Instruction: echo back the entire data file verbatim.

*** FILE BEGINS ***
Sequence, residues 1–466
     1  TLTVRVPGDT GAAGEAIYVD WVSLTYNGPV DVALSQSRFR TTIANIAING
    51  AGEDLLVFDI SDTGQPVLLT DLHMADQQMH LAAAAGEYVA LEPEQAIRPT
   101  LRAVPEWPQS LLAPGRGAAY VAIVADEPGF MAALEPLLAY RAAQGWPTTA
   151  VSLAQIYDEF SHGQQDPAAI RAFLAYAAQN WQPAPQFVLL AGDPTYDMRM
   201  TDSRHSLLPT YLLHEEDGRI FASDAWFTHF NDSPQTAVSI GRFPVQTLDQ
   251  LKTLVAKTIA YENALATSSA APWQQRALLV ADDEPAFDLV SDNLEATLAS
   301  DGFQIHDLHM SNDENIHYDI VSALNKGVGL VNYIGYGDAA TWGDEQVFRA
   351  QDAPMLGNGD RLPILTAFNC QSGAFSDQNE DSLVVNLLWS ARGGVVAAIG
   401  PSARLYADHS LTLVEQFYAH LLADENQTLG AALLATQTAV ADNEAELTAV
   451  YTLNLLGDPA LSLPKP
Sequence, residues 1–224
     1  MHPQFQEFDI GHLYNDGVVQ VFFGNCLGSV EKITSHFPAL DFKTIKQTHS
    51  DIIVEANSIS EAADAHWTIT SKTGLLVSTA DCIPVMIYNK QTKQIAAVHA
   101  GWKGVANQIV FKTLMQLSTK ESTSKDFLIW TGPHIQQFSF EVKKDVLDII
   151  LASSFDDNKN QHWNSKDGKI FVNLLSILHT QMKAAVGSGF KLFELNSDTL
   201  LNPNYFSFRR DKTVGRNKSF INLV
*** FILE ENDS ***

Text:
Sequence, residues 1–466
     1  TLTVRVPGDT GAAGEAIYVD WVSLTYNGPV DVALSQSRFR TTIANIAING
    51  AGEDLLVFDI SDTGQPVLLT DLHMADQQMH LAAAAGEYVA LEPEQAIRPT
   101  LRAVPEWPQS LLAPGRGAAY VAIVADEPGF MAALEPLLAY RAAQGWPTTA
   151  VSLAQIYDEF SHGQQDPAAI RAFLAYAAQN WQPAPQFVLL AGDPTYDMRM
   201  TDSRHSLLPT YLLHEEDGRI FASDAWFTHF NDSPQTAVSI GRFPVQTLDQ
   251  LKTLVAKTIA YENALATSSA APWQQRALLV ADDEPAFDLV SDNLEATLAS
   301  DGFQIHDLHM SNDENIHYDI VSALNKGVGL VNYIGYGDAA TWGDEQVFRA
   351  QDAPMLGNGD RLPILTAFNC QSGAFSDQNE DSLVVNLLWS ARGGVVAAIG
   401  PSARLYADHS LTLVEQFYAH LLADENQTLG AALLATQTAV ADNEAELTAV
   451  YTLNLLGDPA LSLPKP
Sequence, residues 1–224
     1  MHPQFQEFDI GHLYNDGVVQ VFFGNCLGSV EKITSHFPAL DFKTIKQTHS
    51  DIIVEANSIS EAADAHWTIT SKTGLLVSTA DCIPVMIYNK QTKQIAAVHA
   101  GWKGVANQIV FKTLMQLSTK ESTSKDFLIW TGPHIQQFSF EVKKDVLDII
   151  LASSFDDNKN QHWNSKDGKI FVNLLSILHT QMKAAVGSGF KLFELNSDTL
   201  LNPNYFSFRR DKTVGRNKSF INLV